Hood: Outlaws & Legends is an experimental blend of fantasy and thievery, plucking on the bowstrings of medieval mythology for one of the more unique multiplayer games of 2021.
The setup is delightfully simple: Two ragtag teams, each composed of four dastardly thieves, go head to head in a high stakes heist, attempting to liberate a chestful of loot from the tyrannical Sheriff.
Hood: Outlaws & Legends is described as PvPvE, which basically means you’ll be battling both human and computer-controlled enemies. It’s a now well established twist, with games like Predator: Hunting Grounds and Hunt: Showdown mixing AI in alongside human players to spice up the action.
Each heist follows the same blueprint and is split into three phases. Firstly you’ll need to locate the Sheriff, stealthily approaching the armoured juggernaut in order to steal his Vault Key. As the name implies, this will open the door to a treasure chest, though its location isn’t made immediately clear. Once secured, you and your teammates will need to carry the chest to an extraction point, using a winch to fill the progress bar and escape successfully.
The cunning twist in Hood: Outlaws & Legends is that both teams will be fighting over the same objective at all times. Whether it’s pickpocketing the Sheriff, unlocking the vault, or extracting the chest, each band of thieves can attempt to thwart their opponents, rushing them into a mistake or waiting for the right moment to strike. In those nail-biting final moments of a game, it’s possible for one team to swoop in and steal victory with a little strategic nous.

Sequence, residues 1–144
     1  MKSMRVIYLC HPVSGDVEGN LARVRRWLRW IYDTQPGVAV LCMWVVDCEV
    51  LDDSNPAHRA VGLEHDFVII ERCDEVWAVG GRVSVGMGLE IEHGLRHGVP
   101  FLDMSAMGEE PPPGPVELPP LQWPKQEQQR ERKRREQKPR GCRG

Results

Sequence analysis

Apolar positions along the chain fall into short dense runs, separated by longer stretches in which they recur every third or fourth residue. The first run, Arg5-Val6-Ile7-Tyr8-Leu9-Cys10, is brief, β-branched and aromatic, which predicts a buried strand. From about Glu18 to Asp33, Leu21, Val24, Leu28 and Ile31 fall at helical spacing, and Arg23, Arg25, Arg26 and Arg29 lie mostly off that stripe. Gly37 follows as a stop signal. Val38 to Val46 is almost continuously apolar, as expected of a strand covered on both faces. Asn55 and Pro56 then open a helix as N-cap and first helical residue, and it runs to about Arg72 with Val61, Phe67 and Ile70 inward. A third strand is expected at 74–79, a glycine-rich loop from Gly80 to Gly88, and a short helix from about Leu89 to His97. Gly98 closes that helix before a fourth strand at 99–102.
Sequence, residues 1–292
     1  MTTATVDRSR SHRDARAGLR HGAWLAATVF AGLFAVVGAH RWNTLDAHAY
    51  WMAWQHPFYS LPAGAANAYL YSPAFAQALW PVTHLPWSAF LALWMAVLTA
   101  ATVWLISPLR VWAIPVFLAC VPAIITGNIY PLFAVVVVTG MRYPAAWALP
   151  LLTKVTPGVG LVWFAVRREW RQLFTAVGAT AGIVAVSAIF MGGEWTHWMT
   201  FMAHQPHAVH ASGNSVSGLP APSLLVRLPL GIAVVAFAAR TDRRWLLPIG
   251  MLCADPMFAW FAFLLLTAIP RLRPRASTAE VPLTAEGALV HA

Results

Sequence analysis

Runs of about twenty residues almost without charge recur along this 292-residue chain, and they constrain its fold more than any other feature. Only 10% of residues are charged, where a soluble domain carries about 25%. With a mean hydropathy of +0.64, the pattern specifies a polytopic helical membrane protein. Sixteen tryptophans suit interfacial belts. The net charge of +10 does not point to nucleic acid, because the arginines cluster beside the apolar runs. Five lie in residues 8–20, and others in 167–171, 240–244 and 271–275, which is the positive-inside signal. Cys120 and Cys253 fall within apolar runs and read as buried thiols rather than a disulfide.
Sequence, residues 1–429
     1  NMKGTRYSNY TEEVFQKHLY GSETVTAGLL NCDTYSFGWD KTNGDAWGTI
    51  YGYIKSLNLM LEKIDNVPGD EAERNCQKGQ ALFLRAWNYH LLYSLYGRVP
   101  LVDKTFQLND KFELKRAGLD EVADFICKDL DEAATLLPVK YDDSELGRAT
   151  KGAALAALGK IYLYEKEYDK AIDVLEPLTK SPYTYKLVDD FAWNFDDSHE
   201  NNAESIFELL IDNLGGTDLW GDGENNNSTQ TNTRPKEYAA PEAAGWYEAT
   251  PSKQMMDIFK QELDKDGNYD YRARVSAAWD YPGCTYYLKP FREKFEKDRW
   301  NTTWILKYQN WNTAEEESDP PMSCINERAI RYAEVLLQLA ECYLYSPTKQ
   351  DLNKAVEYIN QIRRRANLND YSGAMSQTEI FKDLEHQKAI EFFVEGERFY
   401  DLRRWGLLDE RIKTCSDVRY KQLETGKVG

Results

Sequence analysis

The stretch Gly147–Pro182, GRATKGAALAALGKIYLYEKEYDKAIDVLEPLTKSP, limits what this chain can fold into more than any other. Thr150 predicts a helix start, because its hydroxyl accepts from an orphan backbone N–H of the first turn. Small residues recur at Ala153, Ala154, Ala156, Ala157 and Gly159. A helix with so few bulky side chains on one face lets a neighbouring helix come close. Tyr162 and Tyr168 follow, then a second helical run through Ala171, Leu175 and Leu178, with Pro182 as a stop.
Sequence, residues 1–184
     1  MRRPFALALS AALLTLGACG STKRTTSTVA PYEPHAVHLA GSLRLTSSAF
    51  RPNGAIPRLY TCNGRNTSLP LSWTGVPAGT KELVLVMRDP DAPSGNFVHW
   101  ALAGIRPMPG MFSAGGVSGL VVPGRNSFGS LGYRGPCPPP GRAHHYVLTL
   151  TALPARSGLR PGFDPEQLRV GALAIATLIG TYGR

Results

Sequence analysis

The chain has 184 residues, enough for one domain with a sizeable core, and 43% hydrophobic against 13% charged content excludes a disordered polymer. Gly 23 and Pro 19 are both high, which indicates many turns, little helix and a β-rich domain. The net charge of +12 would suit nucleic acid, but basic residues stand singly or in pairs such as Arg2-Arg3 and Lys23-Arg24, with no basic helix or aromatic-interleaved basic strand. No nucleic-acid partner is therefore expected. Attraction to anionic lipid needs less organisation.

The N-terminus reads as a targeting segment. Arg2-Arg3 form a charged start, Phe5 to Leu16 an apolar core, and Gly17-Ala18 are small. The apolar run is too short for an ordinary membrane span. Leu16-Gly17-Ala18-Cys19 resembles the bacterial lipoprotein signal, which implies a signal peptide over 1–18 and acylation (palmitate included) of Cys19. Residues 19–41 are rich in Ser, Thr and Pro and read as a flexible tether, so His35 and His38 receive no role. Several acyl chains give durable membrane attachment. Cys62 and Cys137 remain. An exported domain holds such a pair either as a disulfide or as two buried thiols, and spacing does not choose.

Hood: Outlaws & Legends will feel instantly familiar to those who enjoy third-person shooters and action games. There’s nothing overly complicated about how the game plays or the systems at work. Though each of the four classes available at launch has its own unique powers, with special and passive perks, there’s a great deal of overlap in how they play.
To give a very brief overview, The Ranger is your bow-wielding marksman, The Hunter excelling in stealth kills. Meanwhile, The Brawler is a beast in melee combat with The Mystic able to support allies and disrupt enemies. At the outset, none seem overpowered or too weak, though each requires time to learn, especially when you factor in their unlockable perks which can trigger helpful bonuses in-game.
PvPvE games can tend to get messy, and Hood: Outlaws & Legends is no exception. AI-controlled archers, soldiers, and knights can be unpredictable as they choose the players to target from both teams. In some instances I found myself set upon by a handful of these foes even when members from the opposite team were clearly visible to them.
Another aspect that will take some getting used to is the melee combat. There is no elaborate duelling here as you unleash a barrage of light and heavy attacks, holding another button to block or dodge depending on your class. To stop battles from being drawn out, stamina bars will deplete fairly fast, the loser then able to respawn and dive back into the action.
With the servers only just firing up, we intend to play a lot more of Hood: Outlaws & Legends before landing on a final verdict. So far, its unique gameplay mix and the devious scheming is proving rather compelling, and we expect it will keep us coming back match after match. There are new perks and cosmetics to unlock as your thief hideout gradually develops over your career, hopefully giving a lasting sense of progression as we play more. Right now, the only concerns are whether the one game mode will start to get boring after a time. That, and the usual worry with multiplayer games that a dominant meta will soon come into play as the Hood community exchange and settle on particular tactics.